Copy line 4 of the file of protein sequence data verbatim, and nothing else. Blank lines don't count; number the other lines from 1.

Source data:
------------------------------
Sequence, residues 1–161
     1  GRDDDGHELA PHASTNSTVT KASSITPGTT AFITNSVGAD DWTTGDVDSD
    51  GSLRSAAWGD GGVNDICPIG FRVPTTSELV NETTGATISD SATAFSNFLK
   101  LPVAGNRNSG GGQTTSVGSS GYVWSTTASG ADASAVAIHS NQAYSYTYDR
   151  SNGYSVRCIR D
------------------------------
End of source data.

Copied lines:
   101  LPVAGNRNSG GGQTTSVGSS GYVWSTTASG ADASAVAIHS NQAYSYTYDR